An effective national security infrastructure would include, among others, adherence to the international legal frameworks such as the Convention on the Physical Protection of Nuclear Material and its 2005 amendment as well as the International Convention on the Suppression of Acts of Nuclear Terrorism. Introduction of detection and nuclear forensic techniques, capacity building including education and training, and the promotion of research and development, complemented by enhanced international coordination and cooperation, the sharing of technical knowhow, and response preparedness, are ingredients of an effective nuclear security culture. It is important to emphasise in this regard that the effectiveness of nuclear security does not depend on one single factor but on a combination of factors, which are not mutually exclusive. Success of some measures may also depend on their relationship to other factors which are not within the same basket.  For instance, the effectiveness of measures taken under the International Convention on the Suppression of Acts of Nuclear Terrorism could be further strengthened by simultaneously taking measures under an equally important legal framework, International Convention for the Suppression of the Financing of Terrorism, which denies financial support for those acting with malicious intent.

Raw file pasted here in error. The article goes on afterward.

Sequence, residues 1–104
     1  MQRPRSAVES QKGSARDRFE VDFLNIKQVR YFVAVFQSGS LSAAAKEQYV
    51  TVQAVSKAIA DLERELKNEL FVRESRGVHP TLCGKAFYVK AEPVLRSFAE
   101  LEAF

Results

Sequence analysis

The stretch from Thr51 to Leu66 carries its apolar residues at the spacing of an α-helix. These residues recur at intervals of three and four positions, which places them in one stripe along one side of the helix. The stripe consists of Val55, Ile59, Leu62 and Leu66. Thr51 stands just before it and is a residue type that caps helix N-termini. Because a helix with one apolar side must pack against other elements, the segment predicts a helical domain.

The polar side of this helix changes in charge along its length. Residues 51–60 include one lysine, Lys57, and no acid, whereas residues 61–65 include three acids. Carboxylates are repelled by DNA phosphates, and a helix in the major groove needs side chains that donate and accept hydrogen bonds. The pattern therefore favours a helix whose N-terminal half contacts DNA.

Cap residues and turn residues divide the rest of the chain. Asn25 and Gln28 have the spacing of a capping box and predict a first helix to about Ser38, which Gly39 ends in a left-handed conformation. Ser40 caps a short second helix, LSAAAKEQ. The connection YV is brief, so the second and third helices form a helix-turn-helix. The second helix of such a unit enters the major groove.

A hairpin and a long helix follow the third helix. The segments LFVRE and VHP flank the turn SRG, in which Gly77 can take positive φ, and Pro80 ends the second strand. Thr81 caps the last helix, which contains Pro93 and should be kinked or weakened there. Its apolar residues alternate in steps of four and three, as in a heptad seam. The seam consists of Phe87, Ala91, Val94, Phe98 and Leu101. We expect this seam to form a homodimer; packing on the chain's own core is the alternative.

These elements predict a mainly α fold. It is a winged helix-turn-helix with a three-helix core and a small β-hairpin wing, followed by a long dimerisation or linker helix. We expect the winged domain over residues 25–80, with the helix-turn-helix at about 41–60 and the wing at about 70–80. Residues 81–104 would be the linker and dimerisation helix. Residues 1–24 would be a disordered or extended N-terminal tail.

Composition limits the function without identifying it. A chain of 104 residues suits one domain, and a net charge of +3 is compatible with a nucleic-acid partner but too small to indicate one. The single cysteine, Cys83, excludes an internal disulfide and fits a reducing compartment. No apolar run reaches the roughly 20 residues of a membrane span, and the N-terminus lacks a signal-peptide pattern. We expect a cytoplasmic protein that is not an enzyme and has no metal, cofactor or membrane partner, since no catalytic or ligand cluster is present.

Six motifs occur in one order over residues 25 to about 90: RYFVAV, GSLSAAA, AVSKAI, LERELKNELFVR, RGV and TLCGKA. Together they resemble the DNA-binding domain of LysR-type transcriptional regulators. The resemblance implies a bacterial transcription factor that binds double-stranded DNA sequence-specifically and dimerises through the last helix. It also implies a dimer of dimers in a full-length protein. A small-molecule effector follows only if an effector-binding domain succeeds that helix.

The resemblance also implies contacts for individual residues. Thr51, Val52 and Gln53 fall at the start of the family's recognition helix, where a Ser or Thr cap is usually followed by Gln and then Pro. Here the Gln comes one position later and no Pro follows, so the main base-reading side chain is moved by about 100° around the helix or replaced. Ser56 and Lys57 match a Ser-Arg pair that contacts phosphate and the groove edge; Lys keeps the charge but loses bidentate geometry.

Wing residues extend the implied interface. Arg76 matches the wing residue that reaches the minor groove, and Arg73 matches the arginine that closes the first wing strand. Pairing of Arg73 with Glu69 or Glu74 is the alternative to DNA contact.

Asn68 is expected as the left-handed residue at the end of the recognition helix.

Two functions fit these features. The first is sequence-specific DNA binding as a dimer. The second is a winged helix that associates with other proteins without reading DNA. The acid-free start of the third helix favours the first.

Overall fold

Third, in successfully advancing nuclear security, the importance of collective efforts by a multitude of stake-holders needs to be emphasized. States, IAEA, the civil society and the media have a role to play in preventing threats to nuclear security and in helping to detect trafficking of nuclear material and deter activities that may be pursued with malicious intent. However, in doing so, we should not be tempted to approach nuclear security from the perspective of nuclear terrorism alone. While countering nuclear terrorism forms part of it, nuclear security, as part of an overarching national security concept, is broader than just contering nuclear terrorism. If we are not imaginative to address this aspect today, it is possible that we may at some point be compelled to revisit our approach towards nuclear security, in view of circumstances that may evolve in the future. Our approach should not be restrictive, but permissive within the mandate of the organization within which we seek to address this issue. It is important to be proactive therefore in our prevention strategies.